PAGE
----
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PIONEERING SOCIAL ENTERPRISE ZONE TEACHES GOVERNMENT AGENCIES TO 'THINK LOCAL'

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Britain's first Social Enterprise Zone (SEZ) has brought together local residents and staff from public sector agen...
Britain's first Social Enterprise Zone (SEZ) has brought together local residents and staff from public sector agencies to find innovative solutions to problems in London's East End - and influenced national policy in the process, according to a report from by the Joseph Rowntree Foundation.

The SEZ in the Forest Gate and Plaistow areas of Newham was established six years ago with the aim of helping community services along similar lines to Business Enterprise Zones, where designated areas are freed from rules and regulations thought to be obstructing local economic growth.

The project designed a tool called 'What if' to gather experience from residents and front-line staff from national agencies like JobCentres and the Inland Revenue. Participants were invited to design and test changes to regulations and services and to pioneer new ways of working that were better suited to local circumstances. For example:

A support service assisting claimants to fill in benefit claim forms at four local JobCentres was tested using trained volunteers who were out of work themselves. In two years, more than 1,800 people were helped and problems with incorrectly completed forms were almost entirely eliminated. Queries about late payments or non-payments were reduced by 80 per cent and an estimated 1,277 hours were saved by JobCentre staff not having to fill out forms on behalf of claimants. Newham's JobCentres now have the highest proportion of clients entering work in the country. The positive results have fed into a national scheme, announced in April last year by Gordon Brown, the chancellor of the exchequer, for JobCentres to help people from minority ethnic communities find work.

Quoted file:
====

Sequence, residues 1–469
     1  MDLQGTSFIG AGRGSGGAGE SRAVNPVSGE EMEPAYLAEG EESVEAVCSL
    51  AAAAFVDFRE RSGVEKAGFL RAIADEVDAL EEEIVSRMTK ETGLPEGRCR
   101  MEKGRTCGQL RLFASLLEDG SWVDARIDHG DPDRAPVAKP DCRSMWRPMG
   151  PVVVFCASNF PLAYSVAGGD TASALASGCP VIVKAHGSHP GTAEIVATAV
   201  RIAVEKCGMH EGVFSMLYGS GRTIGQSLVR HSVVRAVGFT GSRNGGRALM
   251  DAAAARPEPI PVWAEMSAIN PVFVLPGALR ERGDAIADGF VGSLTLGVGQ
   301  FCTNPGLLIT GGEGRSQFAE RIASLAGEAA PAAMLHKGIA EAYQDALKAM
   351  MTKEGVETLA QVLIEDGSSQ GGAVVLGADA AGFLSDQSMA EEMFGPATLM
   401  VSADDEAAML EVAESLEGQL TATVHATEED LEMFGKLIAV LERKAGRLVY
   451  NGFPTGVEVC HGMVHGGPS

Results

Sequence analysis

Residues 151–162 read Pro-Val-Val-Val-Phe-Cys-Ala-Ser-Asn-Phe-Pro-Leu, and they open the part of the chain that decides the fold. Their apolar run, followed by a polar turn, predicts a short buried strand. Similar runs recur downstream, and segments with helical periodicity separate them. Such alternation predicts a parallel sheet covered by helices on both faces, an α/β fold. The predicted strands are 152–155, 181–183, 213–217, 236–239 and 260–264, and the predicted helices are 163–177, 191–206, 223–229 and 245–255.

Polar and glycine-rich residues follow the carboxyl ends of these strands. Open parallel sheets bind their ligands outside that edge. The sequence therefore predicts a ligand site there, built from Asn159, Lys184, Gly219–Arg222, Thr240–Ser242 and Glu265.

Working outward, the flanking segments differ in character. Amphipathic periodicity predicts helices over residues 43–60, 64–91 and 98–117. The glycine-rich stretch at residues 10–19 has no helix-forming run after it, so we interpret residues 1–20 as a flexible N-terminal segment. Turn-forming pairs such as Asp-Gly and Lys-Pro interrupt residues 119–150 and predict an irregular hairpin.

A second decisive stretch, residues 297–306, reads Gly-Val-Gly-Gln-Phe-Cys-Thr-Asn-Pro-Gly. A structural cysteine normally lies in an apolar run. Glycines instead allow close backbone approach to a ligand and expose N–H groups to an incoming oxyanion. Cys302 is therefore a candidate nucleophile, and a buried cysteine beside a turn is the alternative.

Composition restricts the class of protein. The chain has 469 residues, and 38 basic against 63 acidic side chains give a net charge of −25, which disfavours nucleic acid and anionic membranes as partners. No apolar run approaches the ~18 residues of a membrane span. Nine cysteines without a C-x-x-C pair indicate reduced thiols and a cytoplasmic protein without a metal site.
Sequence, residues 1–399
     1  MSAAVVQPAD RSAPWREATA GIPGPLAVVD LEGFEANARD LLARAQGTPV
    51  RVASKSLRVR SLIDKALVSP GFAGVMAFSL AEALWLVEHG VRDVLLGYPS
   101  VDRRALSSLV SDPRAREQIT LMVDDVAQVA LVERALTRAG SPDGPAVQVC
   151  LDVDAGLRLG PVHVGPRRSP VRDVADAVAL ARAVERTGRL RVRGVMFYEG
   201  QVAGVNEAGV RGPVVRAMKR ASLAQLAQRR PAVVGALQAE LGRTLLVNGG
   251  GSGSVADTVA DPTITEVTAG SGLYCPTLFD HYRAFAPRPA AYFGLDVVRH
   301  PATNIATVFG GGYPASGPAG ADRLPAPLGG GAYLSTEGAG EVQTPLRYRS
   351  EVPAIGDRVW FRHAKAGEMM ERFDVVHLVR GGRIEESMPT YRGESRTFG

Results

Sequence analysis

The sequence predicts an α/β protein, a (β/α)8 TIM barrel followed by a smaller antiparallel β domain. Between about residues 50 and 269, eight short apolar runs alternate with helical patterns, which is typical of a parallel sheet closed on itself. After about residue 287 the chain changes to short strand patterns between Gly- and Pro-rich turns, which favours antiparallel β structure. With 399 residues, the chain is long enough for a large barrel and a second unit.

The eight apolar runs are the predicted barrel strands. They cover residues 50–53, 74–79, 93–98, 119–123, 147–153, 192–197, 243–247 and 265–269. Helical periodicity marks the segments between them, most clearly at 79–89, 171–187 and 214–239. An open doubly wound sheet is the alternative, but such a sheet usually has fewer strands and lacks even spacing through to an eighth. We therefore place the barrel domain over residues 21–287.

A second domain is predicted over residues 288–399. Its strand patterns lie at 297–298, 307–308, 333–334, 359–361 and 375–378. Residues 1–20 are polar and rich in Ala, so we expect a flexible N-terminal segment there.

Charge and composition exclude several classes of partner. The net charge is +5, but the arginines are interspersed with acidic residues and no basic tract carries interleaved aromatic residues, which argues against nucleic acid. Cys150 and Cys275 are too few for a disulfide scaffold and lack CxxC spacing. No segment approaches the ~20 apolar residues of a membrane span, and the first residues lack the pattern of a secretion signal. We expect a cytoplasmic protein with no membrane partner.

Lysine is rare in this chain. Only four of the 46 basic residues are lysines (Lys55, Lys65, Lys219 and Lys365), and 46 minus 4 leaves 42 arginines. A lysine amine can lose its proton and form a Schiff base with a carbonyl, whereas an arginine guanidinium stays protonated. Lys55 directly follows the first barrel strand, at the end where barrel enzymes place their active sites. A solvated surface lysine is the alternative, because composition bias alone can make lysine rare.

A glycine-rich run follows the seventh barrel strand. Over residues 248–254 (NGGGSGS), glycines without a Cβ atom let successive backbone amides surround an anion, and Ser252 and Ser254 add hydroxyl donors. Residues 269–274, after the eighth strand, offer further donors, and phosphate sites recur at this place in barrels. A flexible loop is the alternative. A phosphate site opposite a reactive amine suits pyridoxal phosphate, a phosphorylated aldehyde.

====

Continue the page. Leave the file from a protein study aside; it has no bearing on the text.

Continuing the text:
'What if' exercises highlighted issues concerning people who work informally for cash without declaring their income to the benefit or tax authorities. The Inland Revenue seconded a senior policy official to the SEZ for four months to gain a better understanding of the barriers faced by those who want to move from informal to formal work, or start their own business. The seconded official now heads a unit that is preparing proposals for the Inland Revenue Board on better ways of dealing with the 'informal economy'.

An Incapacity Benefit freephone helpline was established after 'What if?' discussions with claimants revealed that many did not understand the rules and were afraid that an approach to the Benefits Agency would trigger an investigation into their entitlements. The confidential line led to an increase in claimants taking up volunteering and therapeutic job opportunities. A Neighbourhood Renewal Fund grant of£60,000 was later obtained to set up an advice line and home visiting service for Newham, building on the experience of the helpline.